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CL previews upcoming concerts (Oct. 8-13)



Robin Trower In the annals of Stratocaster-wielding Hendrix acolytes, the former member of Procol Harum, who must be like, I don't know, 187 years old, produced one of the few records – 1974's Bridge of Sighs – that wasn't a blatant coattails ride or wank-fest. All dark shades and wah-wah pedal, the Brit's recording high-point reached Billboard's Top 10 and actually stayed there for a while. He's periodically recorded with ex-Cream bassist Jack Bruce and former Roxy Music front man Brian Ferry in the years following, and though his star has waned to a speck in the music Milky Way, that '70s output earned him diehard fans who eagerly await each fretboard-friendly release – like this year's What Lies Beneath – with air guitars at the ready. Amos' Southend (John Schacht)

Titus Andronicus Like Shane MacGown fronting Neutral Milk Hotel or Andrew WK singing Arcade Fire songs (they get this kind of thing a lot), this New Jersey quartet named after a Shakespeare tragedy make a beautiful holy racket that ping pongs between anthemic grandeur and drunken derailment. It's beautiful-loser bar rock writ large by the book-smart, and their stellar debut from last year, The Airing Of Grievances (pulled from a Seinfeld episode), is full of the literate nihilism that only gigantic hooks could redeem. And that's precisely what they do. With the So So Glos and Ultimate Optimist. Milestone (Schacht)

Serena Ryder Canadian singer-songwriter Ryder won over a respectable-sized crowd at Bonnaroo last year though her U.S. debut only hit store shelves a few months ago. Odd that someone from the great white North has something resembling a Southern accent at times, but her soulful, bluesy style veers close to the pop border without feeling too commercial or cheesy. Opening for Needtobreathe. Visulite Theatre (Jeff Hahne)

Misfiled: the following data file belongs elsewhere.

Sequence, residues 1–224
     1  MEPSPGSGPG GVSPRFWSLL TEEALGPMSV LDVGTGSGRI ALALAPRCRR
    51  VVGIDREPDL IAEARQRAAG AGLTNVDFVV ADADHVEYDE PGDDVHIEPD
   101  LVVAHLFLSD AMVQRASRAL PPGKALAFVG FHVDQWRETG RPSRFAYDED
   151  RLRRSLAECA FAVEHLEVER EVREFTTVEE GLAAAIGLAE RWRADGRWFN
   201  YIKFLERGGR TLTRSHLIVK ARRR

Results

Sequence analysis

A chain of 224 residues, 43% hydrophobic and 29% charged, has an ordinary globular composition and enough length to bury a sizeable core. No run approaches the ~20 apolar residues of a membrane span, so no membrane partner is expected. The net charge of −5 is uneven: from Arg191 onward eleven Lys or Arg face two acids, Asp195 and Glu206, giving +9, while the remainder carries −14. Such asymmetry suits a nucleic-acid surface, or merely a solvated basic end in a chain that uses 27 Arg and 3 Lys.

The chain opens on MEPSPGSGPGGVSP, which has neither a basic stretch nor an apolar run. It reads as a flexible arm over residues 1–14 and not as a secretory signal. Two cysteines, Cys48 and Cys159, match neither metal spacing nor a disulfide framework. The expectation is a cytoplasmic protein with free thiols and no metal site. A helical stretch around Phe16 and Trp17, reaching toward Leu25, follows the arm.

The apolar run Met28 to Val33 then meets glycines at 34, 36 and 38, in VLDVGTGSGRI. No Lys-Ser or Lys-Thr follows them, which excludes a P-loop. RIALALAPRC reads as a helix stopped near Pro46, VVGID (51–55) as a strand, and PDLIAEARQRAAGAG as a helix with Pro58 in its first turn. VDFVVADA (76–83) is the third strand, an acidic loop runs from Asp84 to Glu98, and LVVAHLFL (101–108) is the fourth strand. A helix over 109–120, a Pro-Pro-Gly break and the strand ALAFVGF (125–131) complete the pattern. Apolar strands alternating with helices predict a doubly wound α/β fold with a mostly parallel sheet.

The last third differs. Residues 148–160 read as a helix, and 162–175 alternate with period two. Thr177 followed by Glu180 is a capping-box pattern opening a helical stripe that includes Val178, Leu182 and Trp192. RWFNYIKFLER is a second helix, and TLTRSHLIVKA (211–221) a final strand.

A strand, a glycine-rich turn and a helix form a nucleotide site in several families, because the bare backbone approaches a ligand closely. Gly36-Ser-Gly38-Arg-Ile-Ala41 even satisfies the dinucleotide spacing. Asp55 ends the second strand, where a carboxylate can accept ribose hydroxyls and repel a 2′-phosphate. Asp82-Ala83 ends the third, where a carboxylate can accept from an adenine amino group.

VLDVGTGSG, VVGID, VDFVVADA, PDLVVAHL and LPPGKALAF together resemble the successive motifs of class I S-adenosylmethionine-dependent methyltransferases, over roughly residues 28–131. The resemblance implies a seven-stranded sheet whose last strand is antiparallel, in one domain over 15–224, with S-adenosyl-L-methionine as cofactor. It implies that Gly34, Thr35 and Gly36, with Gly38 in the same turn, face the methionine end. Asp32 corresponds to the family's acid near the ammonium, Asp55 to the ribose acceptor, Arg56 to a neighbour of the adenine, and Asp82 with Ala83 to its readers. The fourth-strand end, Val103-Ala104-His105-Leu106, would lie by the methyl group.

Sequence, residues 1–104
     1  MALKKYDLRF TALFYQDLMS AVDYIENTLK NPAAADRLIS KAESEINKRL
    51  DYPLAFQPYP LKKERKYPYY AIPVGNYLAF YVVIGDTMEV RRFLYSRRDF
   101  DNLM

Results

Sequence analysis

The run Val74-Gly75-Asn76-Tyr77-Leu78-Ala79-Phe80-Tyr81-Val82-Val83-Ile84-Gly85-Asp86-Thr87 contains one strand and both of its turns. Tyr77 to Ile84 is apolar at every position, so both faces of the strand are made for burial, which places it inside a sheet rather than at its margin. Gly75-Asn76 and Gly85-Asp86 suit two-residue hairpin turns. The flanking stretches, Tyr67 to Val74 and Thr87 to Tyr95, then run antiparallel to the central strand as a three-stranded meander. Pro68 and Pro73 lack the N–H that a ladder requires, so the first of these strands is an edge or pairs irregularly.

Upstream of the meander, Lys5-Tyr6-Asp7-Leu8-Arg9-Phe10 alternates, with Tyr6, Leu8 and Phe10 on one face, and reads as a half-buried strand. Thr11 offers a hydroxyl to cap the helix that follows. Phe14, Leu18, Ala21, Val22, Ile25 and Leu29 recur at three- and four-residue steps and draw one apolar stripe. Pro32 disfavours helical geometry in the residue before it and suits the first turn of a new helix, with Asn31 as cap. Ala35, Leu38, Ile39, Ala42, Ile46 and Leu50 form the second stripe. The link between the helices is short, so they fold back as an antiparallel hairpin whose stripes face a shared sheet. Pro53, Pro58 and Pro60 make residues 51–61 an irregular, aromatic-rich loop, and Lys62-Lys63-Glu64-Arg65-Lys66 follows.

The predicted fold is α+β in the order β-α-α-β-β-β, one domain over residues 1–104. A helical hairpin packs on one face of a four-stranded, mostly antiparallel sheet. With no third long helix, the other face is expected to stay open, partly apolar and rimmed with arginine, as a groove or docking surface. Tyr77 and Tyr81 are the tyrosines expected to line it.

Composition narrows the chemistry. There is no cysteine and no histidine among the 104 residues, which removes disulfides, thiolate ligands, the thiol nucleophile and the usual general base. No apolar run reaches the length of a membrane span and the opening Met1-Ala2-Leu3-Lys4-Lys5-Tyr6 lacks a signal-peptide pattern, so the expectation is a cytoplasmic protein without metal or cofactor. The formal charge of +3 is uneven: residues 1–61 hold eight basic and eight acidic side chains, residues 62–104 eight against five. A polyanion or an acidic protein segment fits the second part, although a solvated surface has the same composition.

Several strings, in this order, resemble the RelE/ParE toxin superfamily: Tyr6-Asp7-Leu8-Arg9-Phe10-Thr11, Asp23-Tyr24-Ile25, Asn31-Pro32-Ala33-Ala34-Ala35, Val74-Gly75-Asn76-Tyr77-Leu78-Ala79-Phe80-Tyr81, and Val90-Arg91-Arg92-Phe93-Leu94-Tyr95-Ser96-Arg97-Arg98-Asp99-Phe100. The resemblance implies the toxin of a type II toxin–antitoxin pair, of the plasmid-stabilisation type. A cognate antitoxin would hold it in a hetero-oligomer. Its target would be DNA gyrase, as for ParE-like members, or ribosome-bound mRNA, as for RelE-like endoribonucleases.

The Belleville Outfit The young, yet well-traveled sextet plies American roads, rural and urban, gathering twangy and fiddle-caressed songs of roots, swing, country and jazz. The Austin-based band has Carolina roots, and the members are so cohesive in their writing and playing that it seems unlikely they've been together only a couple of years. The band's new album, Time to Stand, has charm oozing out of the grooves that's further accented with snug female vocals. With Seth Walker. The Evening Muse (Shukla)


Silversun Pickups Darlings of the L.A. (insert finger-quotes) modern rock scene upon the release of their 2006 full-length debut, Carnavas, the Silver Lake quartet have been hanging out on the road with the likes of Foo Fighters, Sno Patrol, Kaiser Chiefs and Wolfmother – which gives you an audio compass point to set out (running) from. The band downplays the ubiquitous Siamese Dream-era Smashing Pumpkins references that dog them by dropping My Bloody Valentine and Sonic Youth into every conversation, but, hey, if it walks and talks like a bald-headed douchebag-duck ... Now touring behind this year's unswoon-worthy Swoon. With the slightly more intriguing duo An Horse. The Fillmore Charlotte (Schacht)

Julian Marley Julian "JuJu" Marley writes stout roots reggae that's sprinkled with R&B, hip-hop, dancehall and dub. He is touring in support of his third album Awake, produced by half-brother Stephen Marley. The Marley sons have a heavy load to carry, as constant comparisons to pappa Bob will trail them no matter how much original music they produce. But the Marley brood is etching out its own signature sound as time passes. Stephen Marley is also on the bill. Amos' Southend (Shukla)

Bassnectar Spawned in gin joints of San Francisco, Bassnectar, known during the day as Lorin Ashton, is an electronic dance DJ mixing frenzied beats that could range from breakbeat to Rage Against the Machine bits and parts. During live gigs the one-man knob twirler adds a stage full of dancers, DJs, rappers, graffiti artists, stage divers, multimedia mishmash and then some. Collaborative experimentation is the operational phrase here. Bassnectar is touring on the front end of the new disc Cozza Frenzy, slated to hit the streets later this month. With DJ Vadim and Mindelixir. Neighborhood Theatre (Shukla)


Electric Tickle Machine These N.Y. blokes sound like a '60s garage band tossed into the new century. Channeling the Troggs, the Zombies and the like, ETM spew just the right amount of ooooh and aaaaah harmonies and then shout, "go" while kicking the guitars into high gear. The psych-pop is laced with organ and trippy percussion while the guitars get the folks dancing. Somebody turn on the bubble machine. With Seventh Epic and Self Made Monsters. Milestone (Shukla)


Insane Clown Posse This is one of those bands where you either get it, or you don't. The rabid fans, known as Juggalos, get behind these clowns (no pun intended ... or is it?) and everything they do – in music or during wrestling appearances. The hardcore hip-hop duo continues to put out new music – though I'm not sure if it's any less violent than it used to be. Yeah ... I don't get it. Amos' Southend (Hahne)

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